Sramana Mitra: Talk to me about your team. I know you started very lean. That’s how successful bootstrapped companies tend to operate. What do you operate with today?
Chris Farrell: Our first key hire was outside of tech. After that, we started with a user interface expert who’s now our VP of Product Marketing. He was instrumental in laying down the long-term vision and very helpful in successfully finding the next market opportunity in terms of growth and making the pivot. After that, we started to build mostly around developers and what we call product experts. We started out with a traditional model, which was to hire sales and support people. We realized that when we are selling to a professional audience, the professional audience wasn’t really keen on talking to a sales person. They wanted to have somebody who could give them a precise answer right away.
We ended up creating a product expert role, which replaced the traditional support role. We wanted to create an internal expectation that anybody in that role would truly be a product expert. So when a customer calls in, they would get an expert answer. That was going to be a significant brand differentiator for us. The product experts then become the proving ground for building the sales team. It also became the ground from which we can move to other roles in the organization, because they understood the problem and consumer very well. We’ve been very successful in that model in terms of growing and scaling the company outside of traditional areas of marketing, development, and design.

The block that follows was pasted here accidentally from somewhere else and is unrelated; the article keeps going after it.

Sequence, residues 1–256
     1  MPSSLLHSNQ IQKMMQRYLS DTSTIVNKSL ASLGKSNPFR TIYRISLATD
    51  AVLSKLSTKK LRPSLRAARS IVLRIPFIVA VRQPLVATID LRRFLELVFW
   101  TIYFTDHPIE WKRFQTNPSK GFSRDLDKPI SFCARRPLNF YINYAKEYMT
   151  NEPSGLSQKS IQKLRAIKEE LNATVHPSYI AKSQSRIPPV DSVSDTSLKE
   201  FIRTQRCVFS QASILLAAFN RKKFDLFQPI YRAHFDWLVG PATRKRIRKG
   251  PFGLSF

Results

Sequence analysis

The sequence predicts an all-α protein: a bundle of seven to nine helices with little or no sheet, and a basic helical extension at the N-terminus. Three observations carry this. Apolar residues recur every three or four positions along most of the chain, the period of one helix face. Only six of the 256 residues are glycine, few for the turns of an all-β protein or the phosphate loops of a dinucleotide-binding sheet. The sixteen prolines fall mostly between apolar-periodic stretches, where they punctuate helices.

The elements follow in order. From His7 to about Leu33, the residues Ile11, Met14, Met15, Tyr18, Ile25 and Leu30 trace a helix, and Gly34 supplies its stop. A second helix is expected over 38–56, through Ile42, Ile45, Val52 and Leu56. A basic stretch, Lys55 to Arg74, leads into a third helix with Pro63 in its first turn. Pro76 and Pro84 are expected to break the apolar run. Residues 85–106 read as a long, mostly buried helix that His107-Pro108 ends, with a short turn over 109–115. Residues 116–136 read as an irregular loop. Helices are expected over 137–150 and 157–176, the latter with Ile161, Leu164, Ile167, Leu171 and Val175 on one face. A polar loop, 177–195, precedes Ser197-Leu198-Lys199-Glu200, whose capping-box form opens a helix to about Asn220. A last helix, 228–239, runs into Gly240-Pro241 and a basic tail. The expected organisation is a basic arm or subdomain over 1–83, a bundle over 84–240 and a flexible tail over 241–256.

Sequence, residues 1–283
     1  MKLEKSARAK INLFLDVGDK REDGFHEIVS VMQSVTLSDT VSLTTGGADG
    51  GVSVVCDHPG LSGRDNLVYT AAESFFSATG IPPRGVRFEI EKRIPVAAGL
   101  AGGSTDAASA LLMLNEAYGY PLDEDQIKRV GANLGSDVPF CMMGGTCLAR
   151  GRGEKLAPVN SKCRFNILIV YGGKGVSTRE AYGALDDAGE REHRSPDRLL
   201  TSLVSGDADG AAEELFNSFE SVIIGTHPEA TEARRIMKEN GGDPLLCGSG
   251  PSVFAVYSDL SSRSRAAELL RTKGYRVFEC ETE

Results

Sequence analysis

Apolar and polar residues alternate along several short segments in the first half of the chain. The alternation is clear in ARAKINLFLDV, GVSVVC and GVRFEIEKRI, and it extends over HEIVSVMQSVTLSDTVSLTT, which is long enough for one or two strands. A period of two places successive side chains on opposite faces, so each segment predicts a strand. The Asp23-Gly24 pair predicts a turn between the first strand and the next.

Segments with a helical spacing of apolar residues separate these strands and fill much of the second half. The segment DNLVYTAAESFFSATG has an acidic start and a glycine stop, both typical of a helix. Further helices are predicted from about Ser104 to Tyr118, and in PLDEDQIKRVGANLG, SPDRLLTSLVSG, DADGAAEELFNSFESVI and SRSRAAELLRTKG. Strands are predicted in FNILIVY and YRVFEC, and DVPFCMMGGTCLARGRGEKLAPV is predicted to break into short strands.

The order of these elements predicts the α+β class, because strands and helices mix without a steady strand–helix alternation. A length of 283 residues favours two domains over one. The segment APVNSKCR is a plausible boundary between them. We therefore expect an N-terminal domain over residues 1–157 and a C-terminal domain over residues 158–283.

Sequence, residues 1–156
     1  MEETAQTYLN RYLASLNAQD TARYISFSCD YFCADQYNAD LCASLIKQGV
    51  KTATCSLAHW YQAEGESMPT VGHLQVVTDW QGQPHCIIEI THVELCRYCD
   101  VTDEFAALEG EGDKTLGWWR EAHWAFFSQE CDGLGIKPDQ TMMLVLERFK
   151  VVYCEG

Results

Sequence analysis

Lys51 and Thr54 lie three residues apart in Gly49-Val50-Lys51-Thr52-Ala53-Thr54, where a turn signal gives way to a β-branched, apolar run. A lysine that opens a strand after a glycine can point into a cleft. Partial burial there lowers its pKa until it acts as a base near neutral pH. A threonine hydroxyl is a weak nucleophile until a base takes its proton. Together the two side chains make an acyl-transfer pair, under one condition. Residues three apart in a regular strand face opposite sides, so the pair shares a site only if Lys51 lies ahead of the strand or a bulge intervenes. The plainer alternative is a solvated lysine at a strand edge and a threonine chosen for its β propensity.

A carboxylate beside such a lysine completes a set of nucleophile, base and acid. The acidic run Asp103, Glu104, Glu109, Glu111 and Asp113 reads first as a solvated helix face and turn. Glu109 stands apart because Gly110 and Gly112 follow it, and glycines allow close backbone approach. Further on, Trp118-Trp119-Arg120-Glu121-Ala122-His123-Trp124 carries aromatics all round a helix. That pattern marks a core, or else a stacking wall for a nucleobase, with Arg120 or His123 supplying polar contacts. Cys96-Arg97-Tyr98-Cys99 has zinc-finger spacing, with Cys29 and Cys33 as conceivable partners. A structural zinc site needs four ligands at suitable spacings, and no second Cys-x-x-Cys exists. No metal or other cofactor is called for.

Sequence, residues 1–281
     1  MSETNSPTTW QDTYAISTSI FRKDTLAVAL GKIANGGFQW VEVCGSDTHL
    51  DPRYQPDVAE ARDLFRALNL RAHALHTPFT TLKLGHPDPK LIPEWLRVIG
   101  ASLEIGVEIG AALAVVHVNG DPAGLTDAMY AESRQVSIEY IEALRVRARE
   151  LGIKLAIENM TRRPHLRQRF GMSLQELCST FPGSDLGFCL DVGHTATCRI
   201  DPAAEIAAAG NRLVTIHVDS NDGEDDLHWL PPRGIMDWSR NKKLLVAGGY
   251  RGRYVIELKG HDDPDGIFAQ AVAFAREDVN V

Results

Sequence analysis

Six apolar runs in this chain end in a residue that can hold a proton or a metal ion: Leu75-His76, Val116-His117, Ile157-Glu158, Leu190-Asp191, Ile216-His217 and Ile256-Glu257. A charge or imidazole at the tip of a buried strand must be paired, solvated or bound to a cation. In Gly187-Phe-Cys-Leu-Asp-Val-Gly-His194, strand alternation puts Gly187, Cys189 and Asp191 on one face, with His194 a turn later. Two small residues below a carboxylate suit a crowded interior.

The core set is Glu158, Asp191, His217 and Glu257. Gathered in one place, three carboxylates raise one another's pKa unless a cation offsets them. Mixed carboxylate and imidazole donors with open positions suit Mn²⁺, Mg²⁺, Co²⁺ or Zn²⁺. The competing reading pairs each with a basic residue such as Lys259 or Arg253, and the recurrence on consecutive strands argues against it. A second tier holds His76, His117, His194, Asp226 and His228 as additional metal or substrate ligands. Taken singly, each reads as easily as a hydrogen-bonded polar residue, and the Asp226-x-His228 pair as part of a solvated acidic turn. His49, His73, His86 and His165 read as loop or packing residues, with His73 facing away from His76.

Sramana Mitra: What is the size of the organization? If in 2008, it was you and your co-founder. Then a UI expert came in. What was added after that? Give me a little bit of a chronological team-building roadmap.
Chris Farrell: In 2008 through 2010, we had very few employees. By 2010, we had hired our tenth employee and we were in our second office. In 2011, we grew to roughly 14 people. In 2012, we grew to 18. If we start to take a look at the number of people we’re hiring in various roles, at each step of growth, we remained about one-half developers and one-half others. The others were typically, between 2008 and 2012, customer support, design, and a little bit of administration. Throughout that period, we had between one and three salespeople. That was the mix.
In 2013 and 2014, we started to see growth perk up. We started investing heavily on the development side. In 2013, we had about 24 people. In 2014, we were up to 34. Throughout the process, we maintained revenues that would fluctuate between $125,000 per employee to $200,000 per employee.
Sramana Mitra: Very good metrics. Is there anything else that you would want to discuss?
Chris Farrell: The one thing that I would add is that accumulation of domain expertise is probably one of the single biggest factors in our growth. There’s always a rush to grow a company. As you consider times to add capital to the company, one of the pieces that we wanted to ensure we retain was the notion of true domain expertise in and around each department in the company. An example here is that the developers here today understand the problem we are trying to solve very deeply because we’ve had the benefit of working on the problem for several years. That has allowed us to build a high-quality product with great pace.
One of the things that we’re struggling with is whenever there’s a large capital infusion in an organization, there tends to be a burst in hiring. What we’re trying to do is determine how to balance the customer experience and internal knowledge with the influx of new talent as we take the company to the next level.
Sramana Mitra: What do you want to get to in terms of next level? Do you want to continue building a bootstrapped company? Are you thinking of capitalizing at some point? Do you want an exit? What is your thought process around all these?
Chris Farrell: It’s a big market and we think that the opportunity is very clear and present. We will be raising capital, most likely in the next 12 to 18 months.
Sramana Mitra: Thank you very much for your time.